Polar Biology

, Volume 25, Issue 7, pp 538–541

New perspectives on the dispersal mechanisms of the Antarctic brooding bivalve Mysella charcoti (Lamy, 1906)

  • Osmar Domaneschi
  • José da Silva
  • Laércio Neto
  • Flávio Passos
Original Paper

DOI: 10.1007/s00300-002-0379-6

Cite this article as:
Domaneschi, O., da Silva, J., Neto, L. et al. Polar Biol (2002) 25: 538. doi:10.1007/s00300-002-0379-6

Abstract.

Brooding is a widespread phenomenon among Antarctic bivalves. Although it should represent a handicap to dispersion, many brooding species have achieved a wide distribution in Antarctic and subantarctic waters, suggesting that they have alternative and effective methods of dispersal. Evidence of such an alternative method is presented here for the bivalve Mysella charcoti, unexpectedly found alive and healthy in feces expelled by Nototheniacoriiceps (Nototheniidae: Pisces). The finding indicates that the snug-fitting shell of Mysella functions as a barrier to digestive enzymes. Withstanding passage through the digestive tract of fish allows Mysella to be passively dispersed (within the home range of the fish) and colonize new habitats or re-colonize shallow-water substrates severely impacted by ice scours.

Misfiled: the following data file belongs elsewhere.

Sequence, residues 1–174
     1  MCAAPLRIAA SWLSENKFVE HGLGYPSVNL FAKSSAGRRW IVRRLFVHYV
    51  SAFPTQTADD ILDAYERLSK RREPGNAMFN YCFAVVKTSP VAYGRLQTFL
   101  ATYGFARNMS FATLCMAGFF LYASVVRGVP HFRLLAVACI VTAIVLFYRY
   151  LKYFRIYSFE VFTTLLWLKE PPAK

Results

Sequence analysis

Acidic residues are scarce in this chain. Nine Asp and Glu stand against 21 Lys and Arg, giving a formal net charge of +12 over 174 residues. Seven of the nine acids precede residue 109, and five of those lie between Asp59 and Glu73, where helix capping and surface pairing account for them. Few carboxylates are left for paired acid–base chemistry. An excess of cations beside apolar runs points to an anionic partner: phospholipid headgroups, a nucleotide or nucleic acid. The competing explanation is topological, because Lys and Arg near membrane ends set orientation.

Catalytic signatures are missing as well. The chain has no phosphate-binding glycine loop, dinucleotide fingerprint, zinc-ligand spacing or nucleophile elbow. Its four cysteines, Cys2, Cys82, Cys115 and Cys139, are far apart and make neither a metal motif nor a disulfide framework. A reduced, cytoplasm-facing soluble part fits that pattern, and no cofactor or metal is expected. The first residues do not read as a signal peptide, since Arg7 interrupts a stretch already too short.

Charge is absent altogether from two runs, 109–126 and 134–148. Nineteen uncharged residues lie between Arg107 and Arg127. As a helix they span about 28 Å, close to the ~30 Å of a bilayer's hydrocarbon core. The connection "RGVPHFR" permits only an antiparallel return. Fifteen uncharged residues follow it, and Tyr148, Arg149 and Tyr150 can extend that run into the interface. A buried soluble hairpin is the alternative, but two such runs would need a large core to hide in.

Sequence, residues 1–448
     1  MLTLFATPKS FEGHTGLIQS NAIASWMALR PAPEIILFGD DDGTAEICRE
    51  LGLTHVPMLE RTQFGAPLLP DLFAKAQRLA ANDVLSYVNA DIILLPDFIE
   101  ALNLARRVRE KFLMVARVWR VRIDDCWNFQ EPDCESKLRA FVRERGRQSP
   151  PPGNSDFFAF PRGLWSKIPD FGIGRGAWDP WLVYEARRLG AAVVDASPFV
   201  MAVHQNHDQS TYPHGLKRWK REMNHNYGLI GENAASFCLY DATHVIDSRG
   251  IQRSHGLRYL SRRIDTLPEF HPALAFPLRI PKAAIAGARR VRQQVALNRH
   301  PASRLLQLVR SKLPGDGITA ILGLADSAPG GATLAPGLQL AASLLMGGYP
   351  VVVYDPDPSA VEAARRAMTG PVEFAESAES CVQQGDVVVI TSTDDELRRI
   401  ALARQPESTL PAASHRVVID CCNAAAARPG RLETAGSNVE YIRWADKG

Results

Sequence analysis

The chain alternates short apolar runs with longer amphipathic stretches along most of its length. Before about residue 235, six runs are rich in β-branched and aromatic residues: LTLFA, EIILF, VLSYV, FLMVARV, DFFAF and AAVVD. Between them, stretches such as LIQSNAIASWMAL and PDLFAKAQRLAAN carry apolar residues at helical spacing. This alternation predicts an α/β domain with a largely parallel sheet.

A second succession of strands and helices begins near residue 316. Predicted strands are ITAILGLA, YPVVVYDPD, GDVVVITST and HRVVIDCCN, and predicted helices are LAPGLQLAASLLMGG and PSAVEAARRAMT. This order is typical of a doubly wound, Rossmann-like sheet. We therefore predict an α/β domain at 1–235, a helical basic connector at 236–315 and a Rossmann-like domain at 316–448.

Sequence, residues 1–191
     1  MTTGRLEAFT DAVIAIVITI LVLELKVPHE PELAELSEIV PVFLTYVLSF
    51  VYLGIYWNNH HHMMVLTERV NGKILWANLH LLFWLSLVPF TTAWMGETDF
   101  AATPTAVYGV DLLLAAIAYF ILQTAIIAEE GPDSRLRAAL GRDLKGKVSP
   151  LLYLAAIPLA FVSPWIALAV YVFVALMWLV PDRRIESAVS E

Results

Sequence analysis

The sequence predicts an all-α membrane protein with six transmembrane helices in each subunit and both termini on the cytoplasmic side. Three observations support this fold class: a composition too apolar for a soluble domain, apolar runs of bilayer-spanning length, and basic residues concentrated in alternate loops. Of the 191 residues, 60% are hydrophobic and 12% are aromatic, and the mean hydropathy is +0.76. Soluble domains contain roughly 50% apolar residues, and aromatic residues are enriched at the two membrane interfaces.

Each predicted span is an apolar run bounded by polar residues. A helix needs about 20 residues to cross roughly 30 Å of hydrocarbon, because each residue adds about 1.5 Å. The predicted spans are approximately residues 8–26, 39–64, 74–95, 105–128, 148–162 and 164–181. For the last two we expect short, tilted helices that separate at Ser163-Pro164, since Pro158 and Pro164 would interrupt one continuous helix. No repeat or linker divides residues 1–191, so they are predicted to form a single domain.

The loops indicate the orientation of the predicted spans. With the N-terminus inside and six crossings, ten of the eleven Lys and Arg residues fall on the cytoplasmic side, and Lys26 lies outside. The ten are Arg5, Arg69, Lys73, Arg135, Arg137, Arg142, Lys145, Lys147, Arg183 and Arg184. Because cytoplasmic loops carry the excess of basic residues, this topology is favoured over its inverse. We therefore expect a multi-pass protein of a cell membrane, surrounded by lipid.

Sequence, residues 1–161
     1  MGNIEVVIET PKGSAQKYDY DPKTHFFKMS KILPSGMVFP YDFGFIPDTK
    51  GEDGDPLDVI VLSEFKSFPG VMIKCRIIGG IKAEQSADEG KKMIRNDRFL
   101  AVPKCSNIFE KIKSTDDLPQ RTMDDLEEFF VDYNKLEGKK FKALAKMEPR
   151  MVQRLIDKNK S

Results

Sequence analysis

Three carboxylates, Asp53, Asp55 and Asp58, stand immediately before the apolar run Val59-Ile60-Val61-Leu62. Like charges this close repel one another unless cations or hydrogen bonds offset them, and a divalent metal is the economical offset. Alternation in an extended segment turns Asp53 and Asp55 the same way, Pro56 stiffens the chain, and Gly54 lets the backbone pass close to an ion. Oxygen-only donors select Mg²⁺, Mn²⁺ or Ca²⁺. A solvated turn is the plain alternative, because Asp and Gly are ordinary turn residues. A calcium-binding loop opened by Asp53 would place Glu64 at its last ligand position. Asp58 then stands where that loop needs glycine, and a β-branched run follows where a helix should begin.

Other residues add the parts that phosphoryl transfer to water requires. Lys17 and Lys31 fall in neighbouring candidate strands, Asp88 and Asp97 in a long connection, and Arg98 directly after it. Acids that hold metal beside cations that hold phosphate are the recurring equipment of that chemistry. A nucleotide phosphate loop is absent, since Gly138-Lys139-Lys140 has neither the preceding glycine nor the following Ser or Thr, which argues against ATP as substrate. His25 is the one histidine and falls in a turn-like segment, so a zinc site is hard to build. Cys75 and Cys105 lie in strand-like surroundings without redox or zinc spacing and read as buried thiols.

Copyright information

© Springer-Verlag 2002

Authors and Affiliations

  • Osmar Domaneschi
    • 1
  • José da Silva
    • 2
  • Laércio Neto
    • 2
  • Flávio Passos
    • 1
  1. 1.Departamento de Zoologia, Instituto de Biociências da Universidade de São Paulo, Caixa Postal 11461, CEP 05422-970, São Paulo (SP), Brazil
  2. 2.Departamento de Histologia e Embriologia, Instituto de Ciências Biomédicas da Universidade de São Paulo, Av. Prof. Lineu Prestes, 1524, CEP 05508-900, São Paulo (SP), Brazil

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